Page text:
Speedup with 1 Core better than with 4 Core

General OpenMP discussion

Speedup with 1 Core better than with 4 Core

Postby Caroline » Wed Dec 07, 2011 7:10 am

Hi everyone,
Ive started using OpenMP since a couple of days and I'm
facing something strange. The goal is to calculate the variance of a 256x256 array.
With 1 core the elapsed time for the calculation is 0.39ms and for 4 core 1.63 ms!!!
I must be doing something wrong but I can not figure out what. I'm using Visual Studio 2008 Pro
on a Windows XP machine.
Here is how my code looks like:

Code: Select all
#include <cstdlib>
#include <ctime>
#include <omp.h>
#include <iostream>
#include <cmath>

int main ()
{
   //Initialize the random generator random
   srand(static_cast<unsigned>(time(NULL)));

   int n=256,x,y;
   double XMax=57.7, XMin= -10.3,Sum1=0.0,Sum2=0.0,Variance;
   double range=XMax-XMin;
   double U_0[256][256];

               //Populating array U_0
    ....
  //Measuring the time elapsed to calculate the variance
  double t=omp_get_wtime();
#pragma omp parallel private(x,y)
{
  #pragma omp for schedule(dynamic) reduction(+:Sum1,Sum2)
   for (x=0; x<n; x++)
   {
         for (y=0; y<n; y++)
          {
             #pragma omp atomic
             Sum1+= U_0[x][y] * U_0[x][y];
                          #pragma omp atomic
             Sum2+= U_0[x][y];
          }
   }
}
   Variance=(Sum1/(n*n)) - ((Sum2/(n*n))*(Sum2/(n*n)));
   //Time needed for the calculation of the variance
   printf_s("Time elapsed in milliseconds: %2lf ms\n", 1000*(omp_get_wtime()-t));
      return 0;
}

Could you please give a hint what I might be doing wrong?
Thanks

Caroline
Caroline
 
Posts: 3
Joined: Wed Dec 07, 2011 4:57 am

Re: Speedup with 1 Core better than with 4 Core

Postby ftinetti » Wed Dec 07, 2011 7:30 am

Hi,

You should not use atomic for controlling/synchronizing the update of reduction variables.

I would not use schedule(dynamic) for this kind of for.

HTH.
ftinetti
 
Posts: 581
Joined: Wed Feb 10, 2010 2:44 pm

Re: Speedup with 1 Core better than with 4 Core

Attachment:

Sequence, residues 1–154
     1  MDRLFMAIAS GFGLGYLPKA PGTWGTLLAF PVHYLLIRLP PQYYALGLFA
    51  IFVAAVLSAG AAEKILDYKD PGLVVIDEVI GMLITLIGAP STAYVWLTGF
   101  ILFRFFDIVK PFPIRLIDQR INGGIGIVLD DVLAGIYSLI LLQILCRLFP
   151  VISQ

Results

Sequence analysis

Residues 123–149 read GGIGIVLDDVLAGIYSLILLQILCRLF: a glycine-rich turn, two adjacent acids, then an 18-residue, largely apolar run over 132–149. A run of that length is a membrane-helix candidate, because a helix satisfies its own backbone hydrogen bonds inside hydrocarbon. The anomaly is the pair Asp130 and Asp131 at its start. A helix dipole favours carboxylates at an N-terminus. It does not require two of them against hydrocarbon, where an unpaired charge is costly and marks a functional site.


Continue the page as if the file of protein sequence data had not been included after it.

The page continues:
Postby Caroline » Wed Dec 07, 2011 7:44 am

I tried :
# pragma omp critical instead of # pragma omp critical
and the elapsed was even worse ( more than 80 ms) :( .
I've also tried other schedule combinations or even without using schedule
and the elapsed time is still more than 70ms ...
Has someone an idea ??

Thanks

Caroline
Caroline
 
Posts: 3
Joined: Wed Dec 07, 2011 4:57 am

Re: Speedup with 1 Core better than with 4 Core

Postby ftinetti » Wed Dec 07, 2011 7:54 am

Hmmm... try just without synchronizing. i.e.

Code: Select all
...
         for (y=0; y<n; y++)
          {
             Sum1+= U_0[x][y] * U_0[x][y];
             Sum2+= U_0[x][y];
          }
...


HTH.
ftinetti
 
Posts: 581
Joined: Wed Feb 10, 2010 2:44 pm

Re: Speedup with 1 Core better than with 4 Core

Postby Caroline » Wed Dec 07, 2011 8:50 am

I meant in my previous post that I tried:
#pragma omp critical instead of # pragma omp atomic...

Without synchronising (and without using schedule) the elapsed time for the calculation is now 0.41 ms
which means that the time elapsed with using only 1 core is still less (0.39ms) ...
Temporary storing Sum1 and Sum2 in variables won't improve the time right ?
Thanks

Caroline
Caroline
 
Posts: 3
Joined: Wed Dec 07, 2011 4:57 am

Re: Speedup with 1 Core better than with 4 Core

Postby ftinetti » Wed Dec 07, 2011 9:31 am

Without synchronising (and without using schedule) the elapsed time for the calculation is now 0.41 ms
which means that the time elapsed with using only 1 core is still less (0.39ms) ...

Yes, I think so, I did not realize the under-millisecond time measurement, in that context, thread overheads penalizes performance too much. Just as an exercise, and in fact to verify the "rule", try with a greater value for "n".

Some other not so important details:
Processor-#cores:
OS:
RAM:
Compiler and compiler options:
ftinetti
 
Posts: 581
Joined: Wed Feb 10, 2010 2:44 pm

Re: Speedup with 1 Core better than with 4 Core

Postby waseem » Sat Dec 17, 2011 10:33 pm

Same advice. Try with a larger value of n.

A point to remember is that not every parallelization yields a speedup. Both communication time (between threads and/or processors) AND computation time need to be considered for a speedup. In cases where communication time dominates, the performance with a larger number of cores may be counter productive.
waseem
 
Posts: 3
Joined: Sat Sep 03, 2011 1:42 am


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